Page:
Tuesday, December 20, 2016

There is so much more to "giving."

During the holiday season many of us do a lot more "giving." We make donations, volunteer to serve Thanksgiving dinner at a homeless shelter, bake cookies for friends and family, and find so many other opportunities to give of ourselves. Where did we learn to do this? Most of us learned through our friends and family. Yet, years ago the whole community was involved. It used to be expected that you would contribute not just to your family but to the community at large.

I recently saw a Hallmark Channel movie that featured a Santa Clause who had a different perspective. Instead of just asking the children what they wanted for Christmas (shouldn't Santa know that already?) he asked the children what they would like to give. He opened the children's eye to what gifts they had that could be shared; no money or shopping necessary. 

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Our students spend 13 years in public (or private) education hearing only about what they may "get" from it. You need to do well in grade school to "get" into high school. Do well in high school and you can "get" into a good college, "get" scholarship money and grants, and so on. Earn a college degree so you can "get" a good job so you can "get" stuff. I believe it would greatly strengthen the education system, and our society, if we focused more on what students can "give."

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Some simple gifts a child can give to a loved one include helping with dinner or household chores, a Free Hug coupon, singing a song or presenting a dance routine. Some gifts our students can give to the school community include peer tutoring, helping to clean up around the school, starting a flower garden, making gifts for those who are less fortunate, and fundraising. Some gifts our students can give to the community are joining a service organization like the 4H Club or the national scouting organizations, volunteering at a local hospital, picking up trash on the side of the road, or helping a neighbor with yard work or babysitting.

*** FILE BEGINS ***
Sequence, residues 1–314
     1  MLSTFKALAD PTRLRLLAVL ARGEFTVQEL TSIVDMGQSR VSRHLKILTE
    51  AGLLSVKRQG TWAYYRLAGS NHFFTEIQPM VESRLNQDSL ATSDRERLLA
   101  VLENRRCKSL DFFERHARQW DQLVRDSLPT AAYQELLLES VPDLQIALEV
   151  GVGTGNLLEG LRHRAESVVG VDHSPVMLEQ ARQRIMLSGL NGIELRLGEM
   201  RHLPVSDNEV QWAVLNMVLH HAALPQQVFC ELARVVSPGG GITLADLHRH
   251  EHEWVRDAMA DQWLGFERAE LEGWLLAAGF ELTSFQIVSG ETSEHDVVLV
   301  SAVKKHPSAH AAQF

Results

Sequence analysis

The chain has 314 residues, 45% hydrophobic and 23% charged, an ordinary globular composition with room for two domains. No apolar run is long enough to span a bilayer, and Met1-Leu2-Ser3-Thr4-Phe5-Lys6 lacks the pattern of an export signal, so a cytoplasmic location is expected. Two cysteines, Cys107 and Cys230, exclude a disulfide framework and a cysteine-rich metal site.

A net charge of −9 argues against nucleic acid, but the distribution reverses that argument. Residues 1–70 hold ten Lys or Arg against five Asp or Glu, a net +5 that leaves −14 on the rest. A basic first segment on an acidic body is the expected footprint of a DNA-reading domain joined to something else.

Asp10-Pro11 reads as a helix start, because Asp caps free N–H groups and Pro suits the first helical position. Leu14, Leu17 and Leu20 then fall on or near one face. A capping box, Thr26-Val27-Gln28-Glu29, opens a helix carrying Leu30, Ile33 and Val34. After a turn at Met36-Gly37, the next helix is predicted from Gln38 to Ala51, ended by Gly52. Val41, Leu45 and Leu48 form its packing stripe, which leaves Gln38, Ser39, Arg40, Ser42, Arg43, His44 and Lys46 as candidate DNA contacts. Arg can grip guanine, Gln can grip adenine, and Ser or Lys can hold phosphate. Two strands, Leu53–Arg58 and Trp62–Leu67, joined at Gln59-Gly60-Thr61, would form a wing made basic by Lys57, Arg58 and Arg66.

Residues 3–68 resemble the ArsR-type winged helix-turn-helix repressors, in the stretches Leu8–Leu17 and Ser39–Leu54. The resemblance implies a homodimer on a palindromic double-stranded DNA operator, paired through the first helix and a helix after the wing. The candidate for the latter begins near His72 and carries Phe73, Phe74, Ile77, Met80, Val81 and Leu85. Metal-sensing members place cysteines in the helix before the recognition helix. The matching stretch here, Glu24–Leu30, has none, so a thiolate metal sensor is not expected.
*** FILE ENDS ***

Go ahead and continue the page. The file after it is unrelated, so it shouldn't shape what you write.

Our students have so much to offer and yet without the example being set for them it never occurs to many that they should be expected to give and not just to receive. I know many of you would agree there is often much more joy in giving than in receiving. One of my students is so excited that he was able to buy gifts for his family for the first time this season. He is spending money that he earned through hard work. He says that he is so anxious to give the gifts he is having a difficult time waiting until Christmas! This young man has learned the joy of giving.

The well-known psychologist, Erich Fromm, wrote:

“Giving is the highest expression of potency. In the very act of giving, I experience my strength, my wealth, my power. This experience of heightened vitality and potency fills me with joy. I experience myself as overflowing, spending, alive, hence as joyous. Giving is more joyous than receiving, not because it is a deprivation, but because in the act of giving lies the expression of my aliveness.”
I found a number of Websites that list opportunities and resources for young people. Here are a few of them.

As we move into the New Year, perhaps we can keep these things in mind and look for opportunities for our students to give of themselves and to share their gifts and talents with others so that they might experience this joy.